Published by this is tomorrow on December 22, 2014.
Pipilotti Rist occupies a peculiar position in the art world; although an undisputed star, she is too readily dismissed as simply ‘quirky.’ The exhibition of her recent work at Hauser & Wirth, however, couldn’t possibly leave a shred of doubt regarding not only her immense skill and pioneering approach to video art, but also the radical nature of her vision. The titular claim, that ‘Worry Will Vanish,’ is a bold one (a promise that becomes all the more daring when applied to a Saville Row gallery, mere meters from the festive mire of Regent Street in December) – but sure enough, one is about to be worlds away.
The reception area contains three smaller ‘video objects,’ which act as an introduction to the lexicon of images currently populating Rist’s work. With ‘Stone Skyscraper,’ she projects swirling, technicolour images of plant stems and coral reefs onto a miniaturized modernist tower. In ‘Gigantic Pear Log,’ a small glass sphere is nestled into bark, housing a woman with flowing hair joyfully flailing as she falls through the universe. The same figure appears again in ‘Overlapping Shadow Oversleeping,’ this time entangled in kaleidoscopic symmetry with white lilies projected onto a potted plant.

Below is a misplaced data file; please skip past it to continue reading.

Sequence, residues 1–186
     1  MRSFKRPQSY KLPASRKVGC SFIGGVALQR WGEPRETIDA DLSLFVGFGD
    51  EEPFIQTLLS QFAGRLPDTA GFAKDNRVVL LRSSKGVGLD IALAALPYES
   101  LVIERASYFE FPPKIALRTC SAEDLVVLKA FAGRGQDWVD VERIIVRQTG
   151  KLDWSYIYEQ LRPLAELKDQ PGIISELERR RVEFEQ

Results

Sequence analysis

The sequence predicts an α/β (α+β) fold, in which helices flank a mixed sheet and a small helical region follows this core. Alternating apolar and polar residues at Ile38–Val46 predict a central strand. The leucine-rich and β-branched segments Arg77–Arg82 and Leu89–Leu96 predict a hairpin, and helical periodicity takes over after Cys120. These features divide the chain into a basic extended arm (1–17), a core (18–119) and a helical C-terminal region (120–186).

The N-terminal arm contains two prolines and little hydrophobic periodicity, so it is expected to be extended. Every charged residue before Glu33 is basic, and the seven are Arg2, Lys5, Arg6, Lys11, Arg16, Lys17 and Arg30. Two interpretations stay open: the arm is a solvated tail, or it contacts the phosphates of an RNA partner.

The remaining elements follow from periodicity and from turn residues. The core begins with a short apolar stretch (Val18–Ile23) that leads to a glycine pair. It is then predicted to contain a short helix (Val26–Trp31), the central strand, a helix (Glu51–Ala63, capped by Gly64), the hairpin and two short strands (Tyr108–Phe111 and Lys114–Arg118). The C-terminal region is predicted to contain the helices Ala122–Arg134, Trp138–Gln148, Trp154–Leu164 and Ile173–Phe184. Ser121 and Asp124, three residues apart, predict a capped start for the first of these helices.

Passing behind an imposing floor to ceiling curtain and into the main installation, the bonds of time and gravity seem to give way. The room is awash in an array forest sounds, intimate digital buzzes, softly electrified whispers, and the strumming of an acoustic guitar. The public bask in the spectacular light of ‘Worry of Will Vanish’, reclining in a constellation of duvets on the floor. The massive two-channel projection is a spiralling montage that shifts seamlessly from the microscopic to the cosmic, from droplets of water on spider webs to vast red seas. Rist presents the natural world in a pallet of acid blues and neon greens – perhaps an affectionate holdover from the glitchy spectrum of her early work in analogue video – as she creates unexpected visual affinities between flowers and fleshy polyps, freckles and stardust.
The most striking quality of Rist’s work is perhaps the balance it strikes between the ethereal and the visceral; it is visually spectacular and still intensely tactile. The viewer’s mystifying perspective is one of being out of body, yet simultaneously deep inside oneself. In some instances, it is as if the camera is retreating as we gaze on the psychedelic landscape through nostrils and a mouth as well as eye sockets. The camera slips down our throat and into the unknown interior, encountering alien flesh forms and coursing through luminous veins. Rist’s work expresses such sincere pleasure in these deeply sensitive explorations of the physical matter of life – such as the bending spines of grass or the folds of a glistening palm that seems to kiss itself though subtle flexing. She applies this sensuous attentiveness far outside normative sexuality, or even polymorphous perversity; we, the viewers, alongside lichen, coral, and dew, are all woven into this boundless erogenous sphere.